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Creating a Culture of Feedback

Why it matters in the workplace, and why a culture of feedback starts with you

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By VLADGRIN/Shutterstock
By VLADGRIN/Shutterstock

What do you think when someone says, “I would like to give you some feedback!”? Research suggests that many of us get the same uneasy feeling as if we were out on a dark night and someone came up from behind tapping you on the shoulder. It stresses us out. And really, I believe that’s why many of us procrastinate or avoid giving feedback all together.

The key to creating an environment where feedback is flowing and appreciated is to create a culture of feedback. And it starts with the leader. And the more senior you become in an organization, the more difficult it will be to get straight and honest feedback. Ask yourself what kind of feedback you are getting from your team(s) right now. If you only hear positive things, or maybe not much at all, you probably don’t have a culture of feedback.

To create a culture of feedback you need an environment of trust. And in my experience, you might also need to be a little creative.

After my team went through a turbulent time, I decided to recalibrate by doing a workshop that I usually lead with clients. As a creative way to discuss the current status (and receive feedback!) I had everyone draw pictures of how they saw the team at the moment, illustrating our communication, execution, team spirit, collaboration, goal achievement, and more. The exercise puts people at ease. Rather than sitting around and discussing the feedback, you can be creative.

My team LOVED this idea and got right to work. To my horror, one team came back with a picture of a frantic, high-speed flight, with me as the captain wearing a turquoise scarf (that I apparently wore too often to work) and the team members performing crazy duties in a chaotic environment. That picture is forever instilled in my memory.

While I didn’t feel great about this picture, I was proud of my team for being so candid. Now that our issues were out in the open, we could address them. I learned so much from them that day. And whilst we had a friendly tone laughing about the picture, I knew that my team checked out my reaction while we were discussing it. I also knew that my reaction was key to creating a culture of feedback. If I had been defensive or started to respond, discuss, or even argue about the feedback, I would have set a different tone. Instead, I thanked them for the feedback and asked them if we could together discuss how we all could contribute to a calmer and more focused workplace.. That session set the tone for our culture of feedback on our team. And for me as the leader, it became much easier to give my team members feedback. They knew and understood the rules.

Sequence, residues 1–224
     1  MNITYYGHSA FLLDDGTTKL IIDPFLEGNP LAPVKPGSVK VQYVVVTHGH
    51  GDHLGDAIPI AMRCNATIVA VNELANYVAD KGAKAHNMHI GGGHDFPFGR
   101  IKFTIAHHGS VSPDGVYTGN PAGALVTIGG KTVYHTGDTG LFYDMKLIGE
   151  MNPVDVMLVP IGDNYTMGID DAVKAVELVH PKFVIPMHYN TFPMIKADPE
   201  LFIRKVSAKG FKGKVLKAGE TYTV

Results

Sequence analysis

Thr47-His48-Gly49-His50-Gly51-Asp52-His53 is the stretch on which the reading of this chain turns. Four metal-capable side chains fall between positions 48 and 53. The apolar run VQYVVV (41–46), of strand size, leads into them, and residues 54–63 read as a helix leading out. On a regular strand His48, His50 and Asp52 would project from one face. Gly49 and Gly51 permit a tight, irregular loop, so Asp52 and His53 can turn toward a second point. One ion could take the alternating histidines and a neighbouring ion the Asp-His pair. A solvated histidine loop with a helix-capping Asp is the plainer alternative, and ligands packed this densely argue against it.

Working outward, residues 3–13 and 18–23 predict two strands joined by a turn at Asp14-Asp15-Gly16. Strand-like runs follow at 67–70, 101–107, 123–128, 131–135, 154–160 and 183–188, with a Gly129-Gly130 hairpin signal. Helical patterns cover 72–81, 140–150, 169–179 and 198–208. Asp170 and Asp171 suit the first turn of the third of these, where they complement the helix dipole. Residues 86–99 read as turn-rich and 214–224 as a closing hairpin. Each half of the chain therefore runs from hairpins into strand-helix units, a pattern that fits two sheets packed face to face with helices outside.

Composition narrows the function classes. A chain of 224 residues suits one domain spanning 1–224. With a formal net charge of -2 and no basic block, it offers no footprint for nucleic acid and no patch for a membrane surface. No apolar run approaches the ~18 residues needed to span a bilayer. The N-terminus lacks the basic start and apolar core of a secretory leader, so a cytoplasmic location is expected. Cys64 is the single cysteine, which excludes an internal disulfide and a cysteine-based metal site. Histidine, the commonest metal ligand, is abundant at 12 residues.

Here are a few steps to get great feedback:

  1. Prepare people in advance and declare your intent. Let people know in advance that you will be asking for their feedback and on which topics. For example, “Tomorrow during our team meeting, let’s discuss how we all can contribute to give and receive better feedback. And please think about a few specific things that you think I, as a  leader, can do to make them better”.
  2. Ask for specific feedback. Using generic questions such as, “How am I doing as a leader?” won’t yield many insights. Provide additional information, along with  a specific area on which to work. I regularly ask my team, “What is one thing that you think I should stop, start and continue doing during our 1-on-1 meetings?”
  3. Listen empathically. Be present. Don’t interrupt. Control your emotions, listen and only ask clarifying questions. Forgive awkward delivery. Many individual contributors haven’t received training on how to give feedback and have few opportunities to practice. Look past the delivery and focus on the substance of what is being said and the intent behind it.
  4. Acknowledge the feedback. Summarize what you have heard. Check to make sure that you have understood. Thank the person giving you feedback. Remember, you want the person to feel so good about giving you feedback that he or she will do it again.
  5. Evaluate the feedback. You have three options whenever receiving feedback: take it, don’t take it, or do some additional research. But either way, know that what the person is saying is what he or she is seeing. In a sense, it’s their truth.
  6. Commit to action. Regardless of your decision in how you will handle the feedback, communicate your intentions to the person who gave it to you, either during the initial conversation or after you have thought it over.

All of the above applies, whether or not you are the leader of the team. You can always contribute to setting a culture of feedback on the team on which you are working.

To learn more about how to create a culture of feedback and how to deliver feedback, check out the book,  “Everyone Deserves A Great Manager” (visit www.EDAGM.com).

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